For those of you keeping score at home, most home plugs and outlets are NEMA 5-15:

This old A/C uses a NEMA 6-15 plug, I think; it’s pretty grungy after 30 years. It looks like this:

AC plug

A new plug of this type looks like this:

The outlet looks like this (it was the best I could do sticking my iPhone behind a bookcase):

AC outlet

This looks like a NEMA 6-20 outlet, but it doesn’t match what’s in use today. A current NEMA 6-20 outlet looks like this:

Again, for those like me who are keeping score at home, this means that my A/C can draw up to 15 amps of current at 240 volts.

The studliest Homekit switch I know of is the Eve Energy Smartplug. It can handle up to 250V, it’s rated for 11A at the most. With my current A/C, even if I could solve the outlet compatibility issues, either a circuit breaker would trip or a fuse would blow if I used it for my air conditioner.

So now we get to the advice I need from people who know what they’re doing:

  • Is it possible to set up some kind of relay so a 15A/120V device can control a 20A/240V device? My web searches suggest that it’s possible, but you need to have electrical experience to construct one and no one has put up any “how to” plans yet. Can you think of something?
  • As I said, my current A/C is over 30 years old. It is certainly not energy efficient. It’s not remote controlled (so devices like Tado won’t work). The latch that lets in air from the outside froze shut 20 years ago, so I can’t use just the fan to vent in cool air when it’s hotter inside than outside. And you can see the picture of the plug above; I’m not sure it’s safe anymore.

    So I’m willing to consider buying a new one. There are Homekit-compatible air conditioners coming onto the market. That leads to contractor-style questions:

    • They make plenty of wall-mounted air conditioners with NEMA 6-15P plugs. I can’t seem to find one that’s Homekit compatible. Do you know of any? (Translation: Is your web-fu better than mine?) Or will I have to accept a Tado-like solution?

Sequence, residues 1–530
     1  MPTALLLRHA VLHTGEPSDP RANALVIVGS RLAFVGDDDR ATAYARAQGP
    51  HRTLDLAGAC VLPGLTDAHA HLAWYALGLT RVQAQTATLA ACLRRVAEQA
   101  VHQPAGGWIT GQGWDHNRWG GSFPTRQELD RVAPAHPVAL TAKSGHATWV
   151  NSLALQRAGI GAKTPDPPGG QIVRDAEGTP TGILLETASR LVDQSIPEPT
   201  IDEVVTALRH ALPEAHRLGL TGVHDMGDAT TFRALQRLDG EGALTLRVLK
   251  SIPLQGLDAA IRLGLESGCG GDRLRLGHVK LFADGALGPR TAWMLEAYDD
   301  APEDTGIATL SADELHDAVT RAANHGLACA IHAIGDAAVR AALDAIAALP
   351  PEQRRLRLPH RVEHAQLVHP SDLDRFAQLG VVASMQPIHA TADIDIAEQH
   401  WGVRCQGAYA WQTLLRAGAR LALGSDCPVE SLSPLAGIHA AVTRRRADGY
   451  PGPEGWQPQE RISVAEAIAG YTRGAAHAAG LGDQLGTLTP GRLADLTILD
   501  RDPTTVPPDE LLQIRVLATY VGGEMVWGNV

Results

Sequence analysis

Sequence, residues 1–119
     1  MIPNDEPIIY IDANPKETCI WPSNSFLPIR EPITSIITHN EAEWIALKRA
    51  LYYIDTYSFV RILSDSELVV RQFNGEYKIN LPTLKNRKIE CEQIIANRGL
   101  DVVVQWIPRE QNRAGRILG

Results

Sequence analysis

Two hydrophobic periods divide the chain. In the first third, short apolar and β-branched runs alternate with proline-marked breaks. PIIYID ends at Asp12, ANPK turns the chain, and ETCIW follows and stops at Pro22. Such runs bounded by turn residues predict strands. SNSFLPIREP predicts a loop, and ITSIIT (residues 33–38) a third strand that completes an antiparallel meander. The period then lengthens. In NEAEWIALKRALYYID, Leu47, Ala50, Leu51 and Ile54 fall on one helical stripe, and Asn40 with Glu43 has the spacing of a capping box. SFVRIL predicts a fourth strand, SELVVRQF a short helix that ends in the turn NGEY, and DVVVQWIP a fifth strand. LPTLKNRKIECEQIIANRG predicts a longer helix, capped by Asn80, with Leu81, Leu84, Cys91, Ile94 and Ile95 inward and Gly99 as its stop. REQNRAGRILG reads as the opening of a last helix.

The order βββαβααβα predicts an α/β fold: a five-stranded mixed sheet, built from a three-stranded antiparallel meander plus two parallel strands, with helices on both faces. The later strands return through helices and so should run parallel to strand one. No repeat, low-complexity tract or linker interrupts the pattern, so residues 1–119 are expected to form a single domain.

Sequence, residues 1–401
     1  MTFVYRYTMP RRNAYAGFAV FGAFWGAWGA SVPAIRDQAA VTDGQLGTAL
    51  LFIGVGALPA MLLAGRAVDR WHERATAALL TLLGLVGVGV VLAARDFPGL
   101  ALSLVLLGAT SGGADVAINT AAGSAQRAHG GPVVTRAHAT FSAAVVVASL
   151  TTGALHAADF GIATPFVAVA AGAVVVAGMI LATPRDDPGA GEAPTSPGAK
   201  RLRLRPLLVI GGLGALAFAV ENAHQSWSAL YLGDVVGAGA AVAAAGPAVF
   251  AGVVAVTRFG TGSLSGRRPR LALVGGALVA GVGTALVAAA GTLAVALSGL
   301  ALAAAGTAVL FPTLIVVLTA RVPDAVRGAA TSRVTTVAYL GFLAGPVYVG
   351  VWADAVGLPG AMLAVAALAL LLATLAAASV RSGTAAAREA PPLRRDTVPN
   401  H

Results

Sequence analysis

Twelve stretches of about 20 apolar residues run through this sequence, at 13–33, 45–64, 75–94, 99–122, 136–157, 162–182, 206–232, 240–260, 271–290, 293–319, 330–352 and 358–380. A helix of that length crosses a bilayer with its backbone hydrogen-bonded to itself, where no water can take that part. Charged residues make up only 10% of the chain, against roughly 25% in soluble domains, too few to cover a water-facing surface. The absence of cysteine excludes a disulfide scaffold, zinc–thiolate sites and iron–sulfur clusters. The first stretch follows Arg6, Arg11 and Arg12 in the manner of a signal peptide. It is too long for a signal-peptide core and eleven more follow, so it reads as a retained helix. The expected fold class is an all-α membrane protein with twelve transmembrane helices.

• Alternatively, modern air conditioners draw less current than my old A/C. My living room is about 400 square feet. A decent wall-mounted air conditioner like this one draws less than 5 amps. So it’s theoretically possible to use the Eve Smartplug, if I can solve the outlet compatibility issue.
    • Is it worth solving this problem a different way, by replacing that old NEMA 6-20 outlet with a NEMA 5-15, with a suitable downgrade in voltage? Then an unmodified Eve Smartplug would work. I’m certain that a modern A/C with a NEMA 5-15 plug could handle 400 square feet.
    • How difficult is it to replace a wall-mounted air conditioner? My preliminary web search says that it’s not that difficult, but I’m clumsy when it comes to this sort of work. Is this the sort of thing that I’d have to hire a contractor to do?

      Before you ask: I’ve got a good relationship with my superintendent. He doesn’t mind me doing this sort of work in my apartment, as long as I don’t get him and the landlord involved.

I’ll gratefully listen to any advice, even if that advice must be “Suck it up, Homekit-boy, and live with what you’ve got.”